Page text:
Vanderhoof council: 2016 capital budget hot topics

Discussed on March 7 council meeting: solid waste management, Kwik Safe, recreation projects, and meeting with Saik'uz First Nation

The capital projects budget of the 2016 Financial Plan was presented by CFO Joe Ukryn to the district council on Mar. 7.

Funding regarding garbage disposal by the District is taken out of the budget to be revisited by staff for alternative options.

Solid waste management was originally allocated with $200,000 from its Gas Tax Fund to replace its aging garbage truck and purchase accompanying tip-ready bins.

Contributed by over $200,000 from the federal fuel tax rebate each year, the District’s Gas Tax Fund currently totals at about $700,000 — the entirety of which is decided by the district council to retain for the Vanderhoof Aquatic Centre.


Kwik Safe Property

$155,000 was proposed to be budgeted to clean up the property, evacuate pigeon colonies, and remove asbestos from the former gas station.

Now decreased to $25,000, the allotted amount will allow staff to block off and clean up the building — taken into account its prime location on Highway 16 — until the district council decides its future use.


Sports Improvements

Improvements to Vanderhoof’s current tennis courts and soccer fields, proposed by community members last fall,  will be deferred to next year and are added to Vanderhoof’s five-year plan; recreation projects such as the Vanderhoof pool, recreation centre, and skateboard park are the priorities for the 2016 budget.


Council-to-council meeting with Saik’uz

An addition to Vanderhoof’s museum grounds, summer job opportunities for Saik’uz students, and outdoor murals for Vanderhoof’s 90th anniversary are three of the various topics discussed by the councils of the District of Vanderhoof and Saik’uz First Nation on March. 9.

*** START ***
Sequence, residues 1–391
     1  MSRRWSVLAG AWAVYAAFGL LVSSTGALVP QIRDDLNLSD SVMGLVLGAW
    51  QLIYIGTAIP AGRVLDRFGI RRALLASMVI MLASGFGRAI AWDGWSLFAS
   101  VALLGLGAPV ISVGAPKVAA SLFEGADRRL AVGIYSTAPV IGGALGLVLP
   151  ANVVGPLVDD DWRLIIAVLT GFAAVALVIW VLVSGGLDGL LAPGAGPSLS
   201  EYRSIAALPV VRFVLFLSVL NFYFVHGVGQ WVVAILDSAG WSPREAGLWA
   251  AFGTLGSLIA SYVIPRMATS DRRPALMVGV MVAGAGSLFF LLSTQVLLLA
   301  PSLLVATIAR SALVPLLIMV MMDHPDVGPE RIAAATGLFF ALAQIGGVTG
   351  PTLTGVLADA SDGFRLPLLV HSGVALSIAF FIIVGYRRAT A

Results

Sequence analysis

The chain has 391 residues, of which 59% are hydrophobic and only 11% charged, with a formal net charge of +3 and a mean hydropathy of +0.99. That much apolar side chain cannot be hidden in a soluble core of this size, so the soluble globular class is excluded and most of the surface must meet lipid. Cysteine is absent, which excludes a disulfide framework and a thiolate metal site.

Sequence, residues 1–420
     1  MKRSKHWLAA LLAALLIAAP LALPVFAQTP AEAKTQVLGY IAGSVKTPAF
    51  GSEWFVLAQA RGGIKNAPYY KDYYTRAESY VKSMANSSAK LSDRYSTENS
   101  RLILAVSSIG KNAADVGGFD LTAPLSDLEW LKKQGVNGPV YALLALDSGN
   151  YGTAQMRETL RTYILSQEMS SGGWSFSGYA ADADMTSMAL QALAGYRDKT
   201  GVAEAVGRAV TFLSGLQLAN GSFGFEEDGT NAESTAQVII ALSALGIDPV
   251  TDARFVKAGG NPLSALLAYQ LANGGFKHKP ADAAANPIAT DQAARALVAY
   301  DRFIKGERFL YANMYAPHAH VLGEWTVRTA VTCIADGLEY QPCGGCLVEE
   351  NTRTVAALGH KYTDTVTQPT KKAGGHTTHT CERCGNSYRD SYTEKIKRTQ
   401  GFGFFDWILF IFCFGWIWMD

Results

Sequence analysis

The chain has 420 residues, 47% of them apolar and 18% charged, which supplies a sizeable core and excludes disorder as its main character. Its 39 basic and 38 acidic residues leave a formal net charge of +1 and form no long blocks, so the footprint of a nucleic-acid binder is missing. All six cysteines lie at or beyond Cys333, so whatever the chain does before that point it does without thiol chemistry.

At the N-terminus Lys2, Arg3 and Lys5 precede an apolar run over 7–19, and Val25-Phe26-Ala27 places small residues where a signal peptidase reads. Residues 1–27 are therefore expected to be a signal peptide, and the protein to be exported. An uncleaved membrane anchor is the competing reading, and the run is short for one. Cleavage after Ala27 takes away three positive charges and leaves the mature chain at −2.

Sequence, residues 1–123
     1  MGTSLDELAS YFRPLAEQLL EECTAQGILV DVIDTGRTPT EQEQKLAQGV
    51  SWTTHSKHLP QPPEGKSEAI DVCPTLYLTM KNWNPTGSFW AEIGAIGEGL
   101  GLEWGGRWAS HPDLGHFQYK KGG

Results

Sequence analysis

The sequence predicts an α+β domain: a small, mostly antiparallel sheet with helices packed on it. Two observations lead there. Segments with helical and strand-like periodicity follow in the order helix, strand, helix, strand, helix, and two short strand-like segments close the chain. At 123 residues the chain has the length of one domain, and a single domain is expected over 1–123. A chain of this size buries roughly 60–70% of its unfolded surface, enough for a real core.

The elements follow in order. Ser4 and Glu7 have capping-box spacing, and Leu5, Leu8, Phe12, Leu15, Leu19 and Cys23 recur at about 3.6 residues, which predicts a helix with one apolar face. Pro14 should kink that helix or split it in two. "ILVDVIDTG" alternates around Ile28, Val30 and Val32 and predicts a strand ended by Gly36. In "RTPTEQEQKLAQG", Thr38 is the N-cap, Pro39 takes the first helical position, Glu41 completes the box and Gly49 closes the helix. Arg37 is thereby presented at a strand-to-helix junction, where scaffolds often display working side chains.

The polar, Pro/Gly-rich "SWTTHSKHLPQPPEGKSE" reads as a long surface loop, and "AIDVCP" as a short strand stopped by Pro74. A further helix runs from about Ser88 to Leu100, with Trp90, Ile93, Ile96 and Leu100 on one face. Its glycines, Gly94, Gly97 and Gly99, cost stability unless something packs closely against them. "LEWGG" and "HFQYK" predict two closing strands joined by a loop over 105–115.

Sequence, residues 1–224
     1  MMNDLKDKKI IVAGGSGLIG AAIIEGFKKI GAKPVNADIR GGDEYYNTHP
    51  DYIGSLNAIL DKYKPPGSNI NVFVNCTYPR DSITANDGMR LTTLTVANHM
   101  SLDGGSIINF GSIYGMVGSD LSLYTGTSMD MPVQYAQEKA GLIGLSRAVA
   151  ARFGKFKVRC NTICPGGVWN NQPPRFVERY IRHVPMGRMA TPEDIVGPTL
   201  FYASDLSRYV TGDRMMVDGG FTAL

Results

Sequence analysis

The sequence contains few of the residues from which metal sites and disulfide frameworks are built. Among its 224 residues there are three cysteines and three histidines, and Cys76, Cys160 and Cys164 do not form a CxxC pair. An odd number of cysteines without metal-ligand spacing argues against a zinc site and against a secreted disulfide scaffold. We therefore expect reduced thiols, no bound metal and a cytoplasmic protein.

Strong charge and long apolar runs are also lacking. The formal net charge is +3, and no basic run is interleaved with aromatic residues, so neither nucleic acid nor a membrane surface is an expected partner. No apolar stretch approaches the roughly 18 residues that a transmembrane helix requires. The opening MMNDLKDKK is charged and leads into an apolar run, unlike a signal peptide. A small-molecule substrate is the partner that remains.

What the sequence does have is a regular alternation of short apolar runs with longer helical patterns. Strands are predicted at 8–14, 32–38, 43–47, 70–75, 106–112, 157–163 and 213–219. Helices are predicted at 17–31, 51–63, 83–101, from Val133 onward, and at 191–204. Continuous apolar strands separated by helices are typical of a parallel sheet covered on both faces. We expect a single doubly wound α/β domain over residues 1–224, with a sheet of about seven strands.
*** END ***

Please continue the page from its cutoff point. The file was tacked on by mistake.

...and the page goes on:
Bednesti cabin

The councils are working together to move a Saik’uz-owned log cabin in Bednesti to the grounds of the Vanderhoof Community Museum as soon as possible, the District says.

With capacity to hold 200 people, the building can eventually become the tourist centre’s new home, provide another gathering place for community members, and serve as a venue for artwork displays — including a workspace for rotating artists.

The cost to move the building is priced at $500,000, not including dismantling costs.


Summer student opportunities

A committee is formed to discuss summer job opportunities — and to ensure Saik’uz students’ access to them — for this year’s tourism season.

Opportunities include working with the Nechako Valley Historical Society and the Nechako White Sturgeon Conservation Centre in duties such as cataloguing artifacts and providing tours.

Funding is pending from Saik’uz First Nation, while the district council may be able to provide staff to supervise students this year — supervisory staff availability was an issue for summer students working with the historical society last year, the District says.


Town murals

To celebrate Vanderhoof’s 90th birthday, the Saik’uz First Nation’s council is suggesting outdoor murals to decorate the walls of downtown Vanderhoof — designed by First Nation youth artists.

A mural to be displayed in the future Vanderhoof Aquatic Centre was suggested as well.


The two councils will next meet in June in Vanderhoof.


– with files from the District of Vanderhoof


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